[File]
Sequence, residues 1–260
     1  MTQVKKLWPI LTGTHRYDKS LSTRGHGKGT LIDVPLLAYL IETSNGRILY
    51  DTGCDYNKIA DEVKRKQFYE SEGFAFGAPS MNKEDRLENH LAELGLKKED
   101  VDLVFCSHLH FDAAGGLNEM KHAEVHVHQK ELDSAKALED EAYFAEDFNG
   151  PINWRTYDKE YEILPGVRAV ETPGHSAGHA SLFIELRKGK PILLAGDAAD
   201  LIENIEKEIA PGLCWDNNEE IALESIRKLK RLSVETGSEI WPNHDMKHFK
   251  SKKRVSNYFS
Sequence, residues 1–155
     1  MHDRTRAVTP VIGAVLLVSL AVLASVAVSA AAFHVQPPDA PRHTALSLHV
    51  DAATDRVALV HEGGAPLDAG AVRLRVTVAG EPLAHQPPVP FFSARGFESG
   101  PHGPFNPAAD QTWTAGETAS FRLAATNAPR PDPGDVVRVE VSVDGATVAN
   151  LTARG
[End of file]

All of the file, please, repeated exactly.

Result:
Sequence, residues 1–260
     1  MTQVKKLWPI LTGTHRYDKS LSTRGHGKGT LIDVPLLAYL IETSNGRILY
    51  DTGCDYNKIA DEVKRKQFYE SEGFAFGAPS MNKEDRLENH LAELGLKKED
   101  VDLVFCSHLH FDAAGGLNEM KHAEVHVHQK ELDSAKALED EAYFAEDFNG
   151  PINWRTYDKE YEILPGVRAV ETPGHSAGHA SLFIELRKGK PILLAGDAAD
   201  LIENIEKEIA PGLCWDNNEE IALESIRKLK RLSVETGSEI WPNHDMKHFK
   251  SKKRVSNYFS
Sequence, residues 1–155
     1  MHDRTRAVTP VIGAVLLVSL AVLASVAVSA AAFHVQPPDA PRHTALSLHV
    51  DAATDRVALV HEGGAPLDAG AVRLRVTVAG EPLAHQPPVP FFSARGFESG
   101  PHGPFNPAAD QTWTAGETAS FRLAATNAPR PDPGDVVRVE VSVDGATVAN
   151  LTARG